As summer approaches, there are many important things to consider when planning your summer show schedule. The health and safety of you and your horse should be your top priority. Here are recommendations from the USHJA Horse and Rider Advocate Committee to help keep you and your equine partners safe while showing this summer.
Horsemanship Quiz Challenge National finalists participate in an educational lecture about trailer safety.
Before taking any trips away from home in your truck and trailer, it is important to ensure that both vehicles are ready for the haul. Complete a vehicle inspection to ensure that the truck and trailer are road worthy. Check all the fluids in your truck, know the age of the tires and check the tire pressure.
"I replace trailer tires every three or four years and keep maximum cold PSI to avoid blowouts and miserable hours on the side of the road," notes Horse and Rider Advocates Committee Chair Katie Young.
Trailer floors should be solid and without rot. All lights and the braking system should be in working order, and wiring for the trailer lights should be intact-not frayed or cut. Both the truck and trailer should be maintained on a routine basis, by a professional, according to the manufacturer's recommendations.
During the trip, it is important to have good ventilation for your horse to keep him comfortable. Open windows, and if possible, travel during the cooler hours of the day. Water should be offered every four hours, and it is a good idea to take 30-minute breaks (without unloading) to monitor your horse's comfort level throughout the duration of the trip.
With good preparation, a keen eye for safety and a travel plan that aims for cooler times of day, you will be ready for your next long-distance haul.
Photo Credit: Jordan Cobb
While at summer shows, keeping your horse cool in the heat is important. Bring fans and extension cords to hang outside of the stalls to improve ventilation. If the stalls are particularly hot, occasionally bring your horse outside to graze in the shade and enjoy a summer breeze. Always pack hoses and bathing tools to wash horses prior to and after exercising, and keep an eye on a horse's water bucket throughout the day to ensure it is clean and water is available. Also, pay attention to the amount of sweat your horse produces. Anhidrosis, or the absence of an adequate amount of sweat, can be very dangerous. To learn more about anhidrosis and to learn the warning signs, click here.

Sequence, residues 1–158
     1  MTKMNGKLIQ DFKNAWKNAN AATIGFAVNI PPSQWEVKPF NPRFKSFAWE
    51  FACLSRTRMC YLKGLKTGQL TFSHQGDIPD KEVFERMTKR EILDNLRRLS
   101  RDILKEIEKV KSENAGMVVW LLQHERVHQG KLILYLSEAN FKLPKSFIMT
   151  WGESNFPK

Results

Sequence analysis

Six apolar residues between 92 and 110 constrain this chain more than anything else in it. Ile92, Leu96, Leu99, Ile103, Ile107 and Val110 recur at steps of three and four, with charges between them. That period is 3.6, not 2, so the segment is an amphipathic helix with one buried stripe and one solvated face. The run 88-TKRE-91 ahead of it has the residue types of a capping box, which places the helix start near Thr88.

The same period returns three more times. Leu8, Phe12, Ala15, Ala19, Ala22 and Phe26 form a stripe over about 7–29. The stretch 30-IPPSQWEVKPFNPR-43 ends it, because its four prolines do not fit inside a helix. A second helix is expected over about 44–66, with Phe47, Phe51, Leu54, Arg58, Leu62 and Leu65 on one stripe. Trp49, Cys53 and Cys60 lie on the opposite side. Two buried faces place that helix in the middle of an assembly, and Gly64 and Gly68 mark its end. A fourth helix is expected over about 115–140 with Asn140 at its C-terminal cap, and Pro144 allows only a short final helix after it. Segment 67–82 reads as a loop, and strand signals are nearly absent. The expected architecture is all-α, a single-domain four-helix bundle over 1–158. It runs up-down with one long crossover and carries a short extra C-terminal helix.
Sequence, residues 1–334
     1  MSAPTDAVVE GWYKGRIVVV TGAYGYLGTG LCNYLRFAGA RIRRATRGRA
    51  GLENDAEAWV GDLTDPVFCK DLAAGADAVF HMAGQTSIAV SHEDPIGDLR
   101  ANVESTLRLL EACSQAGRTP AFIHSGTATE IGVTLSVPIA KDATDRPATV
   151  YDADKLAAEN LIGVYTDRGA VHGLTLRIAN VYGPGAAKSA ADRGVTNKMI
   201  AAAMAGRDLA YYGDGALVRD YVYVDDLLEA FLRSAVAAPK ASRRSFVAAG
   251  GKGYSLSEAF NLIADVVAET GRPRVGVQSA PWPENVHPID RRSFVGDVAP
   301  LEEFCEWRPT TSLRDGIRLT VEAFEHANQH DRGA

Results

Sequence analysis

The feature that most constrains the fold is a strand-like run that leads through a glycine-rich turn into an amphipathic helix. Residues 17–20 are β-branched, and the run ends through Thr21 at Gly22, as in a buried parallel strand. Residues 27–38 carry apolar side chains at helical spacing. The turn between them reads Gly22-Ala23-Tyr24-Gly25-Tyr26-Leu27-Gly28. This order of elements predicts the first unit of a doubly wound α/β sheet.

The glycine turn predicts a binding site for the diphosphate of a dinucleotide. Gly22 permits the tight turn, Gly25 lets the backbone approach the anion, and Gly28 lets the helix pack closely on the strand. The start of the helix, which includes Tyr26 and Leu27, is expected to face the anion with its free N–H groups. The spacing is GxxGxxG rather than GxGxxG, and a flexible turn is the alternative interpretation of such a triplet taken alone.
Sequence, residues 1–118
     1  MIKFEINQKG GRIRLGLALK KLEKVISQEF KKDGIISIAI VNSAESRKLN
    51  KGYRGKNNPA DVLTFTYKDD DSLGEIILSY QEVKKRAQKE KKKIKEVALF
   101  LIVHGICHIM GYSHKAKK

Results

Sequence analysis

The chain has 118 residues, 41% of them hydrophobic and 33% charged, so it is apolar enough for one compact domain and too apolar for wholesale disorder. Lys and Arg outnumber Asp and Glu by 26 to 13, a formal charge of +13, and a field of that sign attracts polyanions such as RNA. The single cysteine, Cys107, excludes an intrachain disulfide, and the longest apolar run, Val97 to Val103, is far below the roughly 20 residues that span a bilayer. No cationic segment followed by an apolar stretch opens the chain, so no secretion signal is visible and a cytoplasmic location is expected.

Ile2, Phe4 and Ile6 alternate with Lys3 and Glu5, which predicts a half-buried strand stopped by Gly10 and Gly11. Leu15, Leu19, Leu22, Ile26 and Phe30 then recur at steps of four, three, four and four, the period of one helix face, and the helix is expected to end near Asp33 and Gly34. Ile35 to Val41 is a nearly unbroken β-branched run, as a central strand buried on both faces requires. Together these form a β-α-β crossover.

Click here for printable copy of stall card.
When setting up at the show, one of the smallest items can be one of the most important. Ensuring you have a stall card visible with relevant information about your horse can help your horse get proper care even when you are not around and can be essential in an emergency.
"Not all people associated with a horse or pony are present in the stable 24 hours a day. Anyone in the vicinity of the stable may observe a problem or question about the horse or pony. With the information provided on the stall card, they may make contact with appropriate people to secure the best interests of the horse," says Dr. Stephen Soule, veterinarian and USHJA Horse and Rider Advocate Committee member.
Stall cards should include, at the very least, the following information:
Stall cards should be customized to suit the needs of you and your horse. The most important thing to remember is to list contacts who know your horse and can help him, and you, during an emergency.
Photo Credit: Jordan Cobb
Summer heat has real implications for your riding plans. In the summer heat, plan a horse's training during cooler times of the day for both the safety of the horse and rider.
Of course, riders don't always have control over when they compete. When showing occurs during the hottest part of the day, keep your warm-up to a minimum and schedule fewer classes to avoid overheating. Talk with your trainer about the best plan for you and your horse.
Riders should also keep in mind that judges will often waive jackets in extreme temperatures. Listen to the guidance of judges, knowing that when they waive hunt coats, they will not hold it against the rider. Becoming overheated as a rider may have deadly consequences. The Center for Disease Control and Prevention recommends that athletes should drink more water than usual, wear loose and lightweight clothing, and look for signs of dehydration or heat stroke. Seek medical care immediately if you or another rider begins to show signs of a heat-related illness.
While at home, on the road or during competition, you and your horse's safety is most important. Drink plenty of water, avoid the heat of the day, and take frequent breaks in the shade. If you follow the guidelines above, you are on your way to an enjoyable and safe summer show season. Always heed the guidance of medical professionals and veterinarians respectively when it comes to your health and that of your horse.